Almásy is also at the center of one of the novel's love stories. He is involved in an adulterous relationship with Katharine Clifton, which eventually leads to her death and the death of her husband, Geoffrey Clifton. Katharine is the figure who leads Almásy to sensuality. He falls in love with her voice as she reads Herodotus. Sensuality—in both the sexual and observational senses—is a major theme to the novel.

The character is loosely based on a historical László Almásy, who was indeed a well-known desert explorer in 1930s Egypt and who did help the German side in the WWII fighting; but he did not get burned or die in Italy, but survived the war and lived until 1951, and is not known to have had an affair with Katharine Clifton - who was also a historical figure, but died long before the war and not in the circumstances depicted. The book (and the film based upon it) never made any claim to historical veracity, but rather made use of actual persons and situations and considerably changed them to fit with the needs of the storyline.

[edit] Hana
Hana is a twenty-year-old Canadian Army nurse. Hana is torn between her youth and her maturity. In a sense, she has lost her childhood too early. A good nurse, she learned quickly that she could not become emotionally attached to her patients. She calls them all "buddy", but immediately detaches from them once they are dead. Her lover, a Canadian officer, is killed. Hana comes to believe she is a curse whose friends inevitably die. Symbolic of her detachment and loss of childhood, she cuts off all of her hair and no longer looks in mirrors after three days of working as a nurse.

In contrast to this detachment, upon hearing of her father's death Hana has an emotional breakdown. She then puts all of her energy into caring for the English Patient. She washes his wounds and provides him with morphine. When the hospital is abandoned, Hana refuses to leave and instead stays with her patient. She sees Almásy as saintlike and with the "hipbones of Christ". She falls in love with the English Patient in a purely non-sexual way.

The character of Hana is entirely paradoxical. She is mature beyond her years, but she still clings to childlike practices. She plays hopscotch in the Villa and sees the patient as a noble hero who is suffering. She projects her own romanticized images onto the blank slate of the patient, forming a sort of fairytale existence for herself.

[edit] Kip
Kip is an Indian Sikh. Kip was trained to be a sapper by Lord Suffolk who also, essentially, made him a part of his family. Kip is, perhaps, the most conflicted character of the novel. His brother is an Indian nationalist and strongly anti-Western. By contrast, Kip willingly joined the British military, but he was met with reservations from his white colleagues. This causes Kip to become somewhat emotionally withdrawn.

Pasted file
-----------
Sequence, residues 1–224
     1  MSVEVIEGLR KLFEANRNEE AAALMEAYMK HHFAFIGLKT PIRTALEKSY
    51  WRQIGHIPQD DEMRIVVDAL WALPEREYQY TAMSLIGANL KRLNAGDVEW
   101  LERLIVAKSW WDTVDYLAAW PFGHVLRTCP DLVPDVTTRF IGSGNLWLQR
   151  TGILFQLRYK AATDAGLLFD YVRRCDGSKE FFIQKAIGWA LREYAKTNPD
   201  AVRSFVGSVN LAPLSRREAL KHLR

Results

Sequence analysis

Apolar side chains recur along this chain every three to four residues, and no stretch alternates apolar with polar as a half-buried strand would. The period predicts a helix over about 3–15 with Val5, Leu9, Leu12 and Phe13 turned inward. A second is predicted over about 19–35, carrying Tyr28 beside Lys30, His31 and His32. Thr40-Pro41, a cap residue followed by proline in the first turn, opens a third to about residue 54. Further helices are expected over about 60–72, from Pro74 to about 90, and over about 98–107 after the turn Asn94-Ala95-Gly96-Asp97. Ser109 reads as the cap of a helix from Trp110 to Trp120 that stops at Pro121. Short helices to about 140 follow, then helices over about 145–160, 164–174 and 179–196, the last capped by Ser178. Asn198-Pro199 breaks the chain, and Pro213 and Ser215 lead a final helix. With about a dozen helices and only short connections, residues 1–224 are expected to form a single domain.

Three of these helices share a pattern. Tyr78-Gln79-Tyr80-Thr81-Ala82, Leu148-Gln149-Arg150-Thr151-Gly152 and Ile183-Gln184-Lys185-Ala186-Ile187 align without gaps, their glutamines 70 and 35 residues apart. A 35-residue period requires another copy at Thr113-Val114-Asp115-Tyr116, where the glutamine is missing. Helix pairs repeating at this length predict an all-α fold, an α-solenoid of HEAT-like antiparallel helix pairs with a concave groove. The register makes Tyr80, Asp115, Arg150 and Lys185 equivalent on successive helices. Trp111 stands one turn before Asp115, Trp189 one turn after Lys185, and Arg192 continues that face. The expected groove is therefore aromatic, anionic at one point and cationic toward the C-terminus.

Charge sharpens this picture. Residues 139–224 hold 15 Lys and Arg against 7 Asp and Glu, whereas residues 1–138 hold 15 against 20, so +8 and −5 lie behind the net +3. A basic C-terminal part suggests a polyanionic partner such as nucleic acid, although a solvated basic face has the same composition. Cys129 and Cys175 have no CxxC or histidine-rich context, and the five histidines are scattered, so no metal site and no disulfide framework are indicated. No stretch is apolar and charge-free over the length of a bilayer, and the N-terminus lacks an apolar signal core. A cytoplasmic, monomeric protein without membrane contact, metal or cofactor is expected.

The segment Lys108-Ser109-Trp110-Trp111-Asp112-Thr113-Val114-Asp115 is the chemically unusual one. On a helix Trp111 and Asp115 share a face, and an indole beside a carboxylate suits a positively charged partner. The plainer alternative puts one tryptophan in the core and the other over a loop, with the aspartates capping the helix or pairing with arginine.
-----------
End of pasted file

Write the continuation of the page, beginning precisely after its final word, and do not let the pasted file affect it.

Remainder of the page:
The one place in England where Kip is completely and unreservedly accepted is the household of Lord Suffolk, the eccentric English nobleman who develops the practice of dismantling unexploded German bombs, a complicated and highly dangerous discipline - and who becomes Kip's mentor, friend and in effect surrogate father. Kip's emotional withdrawal becomes more pronounced when Lord Suffolk and his team are killed while attempting to dismantle a new type of bomb, which detonated. After this event, Kip decides to leave England and work as a sapper in Italy where he meets Hana. He and his partner hear her playing piano, and, as musical instruments were often wired, entered the villa to stop her. Kip's partner leaves the villa and dies so Kip stays on, setting up camp in the courtyard.

Kip and Hana become lovers and, through that, Kip begins to regain confidence and a sense of community. He feels welcomed by these westerners, and they all seem to form a group that disregards national origins.

They get together and celebrate Hana's twenty-first birthday, a symbol of their friendship and Kip's acceptance; however, shortly after, Kip hears news of America's dropping of the atom bomb on Japan. He comes to the conclusion that the West can never reconcile with the East, and that America would never have done something so horrific to a White population. So he leaves and never returns, though later in his life he often thinks of Hana.

[edit] Caravaggio
Caravaggio is an Italian thief and long-time friend of Hana's father. His profession is legitimized by the war, as the allies needed people to steal important documents for them. Caravaggio arrives in the villa as "the man with bandaged hands". His German captors had cut off his thumbs. He, physically and mentally, can no longer steal, having "lost his nerve".

Hana remembers Caravaggio as a very human thief. He would always get distracted by the human element in a job. For instance, if an advent calendar was on the wrong day, he would fix it. She also has deep feelings of love for Caravaggio. It is debated if this love is romantic or simply familial, however Caravaggio does display a romantic love towards Hana in parts of the book.